By Cheryl Ravelo
One year ago, my country was in mourning when former President Corazon Aquino died. Cory, as she is known, is revered as the mother of Philippine democracy because of her role in the overthrow of the dictator Ferdinand Marcos in 1986.
Today, I’m at Mass in the same school gymnasium where her body was laid for the public to pay their last respects. I’m with the same media people who covered the week-long mourning period and funeral. I’m photographing the same Aquino family, whom some call the Philippines’ Kennedys. There’s a crowd of supporters, gleaming in the yellow shirts and ribbons that were Cory’s trademark.
Unlike a year ago, the gym is not jam-packed. There were no queues of people from all walks of life, just families, friends and supporters gathered to attend the memorial service. Fewer people perhaps, but I feel the same feeling of unity and hope in democracy from the crowd.
The La Salle Greenhills gymnasium has another important connection with Cory. Here in 1986, an election tally showed Aquino leading Marcos in the snap elections he had called. When it was clear that Marcos had stolen the election, some generals mutinied, sparking the People Power revolution that drove the dictator into exile and Cory to the presidency. A blackboard with that vote tally from almost 25 years ago still hangs on one wall of the gym, joined this year by a bronzed ribbon loop that became a symbol both of the country’s liberation from dictatorship and Cory herself.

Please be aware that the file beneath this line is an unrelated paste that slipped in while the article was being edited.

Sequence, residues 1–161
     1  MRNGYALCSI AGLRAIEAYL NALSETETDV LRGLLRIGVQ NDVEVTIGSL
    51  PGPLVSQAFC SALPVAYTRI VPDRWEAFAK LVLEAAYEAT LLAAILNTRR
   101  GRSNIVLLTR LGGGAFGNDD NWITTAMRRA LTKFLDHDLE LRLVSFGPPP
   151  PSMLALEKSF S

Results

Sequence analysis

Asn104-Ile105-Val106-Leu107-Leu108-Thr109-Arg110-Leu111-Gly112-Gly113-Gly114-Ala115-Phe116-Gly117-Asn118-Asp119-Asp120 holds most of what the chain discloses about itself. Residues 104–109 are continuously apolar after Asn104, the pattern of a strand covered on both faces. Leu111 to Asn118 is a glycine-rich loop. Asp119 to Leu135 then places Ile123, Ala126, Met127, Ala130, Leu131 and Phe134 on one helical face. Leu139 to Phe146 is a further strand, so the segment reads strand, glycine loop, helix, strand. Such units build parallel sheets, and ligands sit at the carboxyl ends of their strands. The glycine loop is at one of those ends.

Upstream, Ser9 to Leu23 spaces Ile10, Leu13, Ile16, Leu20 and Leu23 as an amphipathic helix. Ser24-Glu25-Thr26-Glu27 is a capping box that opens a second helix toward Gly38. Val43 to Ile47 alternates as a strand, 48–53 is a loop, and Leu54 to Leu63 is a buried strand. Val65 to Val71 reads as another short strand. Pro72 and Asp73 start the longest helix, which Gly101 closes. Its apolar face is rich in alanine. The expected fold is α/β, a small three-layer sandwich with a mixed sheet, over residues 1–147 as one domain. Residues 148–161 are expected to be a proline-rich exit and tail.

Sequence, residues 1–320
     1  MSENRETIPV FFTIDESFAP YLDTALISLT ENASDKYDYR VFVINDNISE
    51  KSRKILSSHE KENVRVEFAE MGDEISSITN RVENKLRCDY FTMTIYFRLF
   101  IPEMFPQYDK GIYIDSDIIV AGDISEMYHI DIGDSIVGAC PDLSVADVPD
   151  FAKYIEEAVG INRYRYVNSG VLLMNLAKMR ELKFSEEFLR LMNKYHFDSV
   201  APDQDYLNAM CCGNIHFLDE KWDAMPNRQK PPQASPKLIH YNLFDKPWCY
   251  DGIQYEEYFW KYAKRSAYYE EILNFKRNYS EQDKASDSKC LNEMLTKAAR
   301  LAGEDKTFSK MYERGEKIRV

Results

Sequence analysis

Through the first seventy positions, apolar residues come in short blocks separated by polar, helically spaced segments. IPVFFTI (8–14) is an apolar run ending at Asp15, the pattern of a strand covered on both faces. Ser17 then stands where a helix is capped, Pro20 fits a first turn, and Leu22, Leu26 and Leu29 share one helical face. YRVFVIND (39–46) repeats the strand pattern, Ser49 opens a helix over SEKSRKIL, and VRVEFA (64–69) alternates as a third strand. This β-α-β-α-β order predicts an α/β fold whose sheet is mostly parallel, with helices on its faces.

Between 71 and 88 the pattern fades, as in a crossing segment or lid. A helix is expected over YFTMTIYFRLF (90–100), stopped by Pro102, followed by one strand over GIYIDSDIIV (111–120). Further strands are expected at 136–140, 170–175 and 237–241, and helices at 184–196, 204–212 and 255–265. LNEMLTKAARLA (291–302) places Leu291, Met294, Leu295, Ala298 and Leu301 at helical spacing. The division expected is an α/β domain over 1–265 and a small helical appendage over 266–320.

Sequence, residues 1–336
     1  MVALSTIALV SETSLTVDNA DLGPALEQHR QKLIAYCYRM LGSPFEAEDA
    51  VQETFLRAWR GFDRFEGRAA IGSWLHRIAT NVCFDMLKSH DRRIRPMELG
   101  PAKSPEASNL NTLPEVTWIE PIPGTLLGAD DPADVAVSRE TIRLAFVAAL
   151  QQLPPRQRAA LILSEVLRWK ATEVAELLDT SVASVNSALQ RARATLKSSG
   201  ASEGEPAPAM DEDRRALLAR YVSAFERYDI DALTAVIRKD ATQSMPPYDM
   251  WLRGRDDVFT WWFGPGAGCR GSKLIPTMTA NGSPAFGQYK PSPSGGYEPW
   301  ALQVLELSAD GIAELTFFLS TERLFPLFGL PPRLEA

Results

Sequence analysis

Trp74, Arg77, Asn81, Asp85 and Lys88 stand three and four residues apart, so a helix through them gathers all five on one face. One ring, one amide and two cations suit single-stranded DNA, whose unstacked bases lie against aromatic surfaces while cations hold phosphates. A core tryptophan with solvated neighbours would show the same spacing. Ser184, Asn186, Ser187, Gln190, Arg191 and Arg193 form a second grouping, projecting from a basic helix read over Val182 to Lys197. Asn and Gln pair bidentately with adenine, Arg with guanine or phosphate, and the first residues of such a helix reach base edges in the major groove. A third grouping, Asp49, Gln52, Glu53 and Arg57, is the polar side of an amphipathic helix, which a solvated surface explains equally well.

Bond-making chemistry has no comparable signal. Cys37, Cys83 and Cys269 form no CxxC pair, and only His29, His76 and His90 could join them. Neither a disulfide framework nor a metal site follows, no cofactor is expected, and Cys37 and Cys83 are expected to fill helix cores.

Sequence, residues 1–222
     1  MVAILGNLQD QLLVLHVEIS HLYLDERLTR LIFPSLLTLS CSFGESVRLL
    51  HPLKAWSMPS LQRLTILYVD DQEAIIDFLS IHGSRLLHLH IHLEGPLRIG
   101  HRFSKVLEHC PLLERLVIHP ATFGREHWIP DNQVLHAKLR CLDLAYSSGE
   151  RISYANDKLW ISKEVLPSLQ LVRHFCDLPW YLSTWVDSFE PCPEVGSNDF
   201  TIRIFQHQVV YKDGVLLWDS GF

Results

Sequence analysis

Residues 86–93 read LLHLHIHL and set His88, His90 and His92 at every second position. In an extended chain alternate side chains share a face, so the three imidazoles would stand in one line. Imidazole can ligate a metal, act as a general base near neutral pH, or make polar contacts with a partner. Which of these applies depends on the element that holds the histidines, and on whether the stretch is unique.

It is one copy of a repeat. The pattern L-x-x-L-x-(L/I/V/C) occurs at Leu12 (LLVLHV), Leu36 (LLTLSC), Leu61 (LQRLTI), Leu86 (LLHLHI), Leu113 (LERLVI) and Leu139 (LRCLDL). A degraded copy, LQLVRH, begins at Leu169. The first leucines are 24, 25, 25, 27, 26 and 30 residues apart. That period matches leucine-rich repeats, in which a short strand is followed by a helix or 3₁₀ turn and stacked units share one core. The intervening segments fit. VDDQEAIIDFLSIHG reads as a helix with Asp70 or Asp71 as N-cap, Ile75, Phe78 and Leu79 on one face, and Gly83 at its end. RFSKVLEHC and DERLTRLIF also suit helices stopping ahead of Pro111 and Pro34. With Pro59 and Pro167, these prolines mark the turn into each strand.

There is one other difference at the memorial service. Her only son, Benigno Aquino III, was a low-profile Senator when he delivered a eulogy last year. Today, he is President, largely because of her legacy.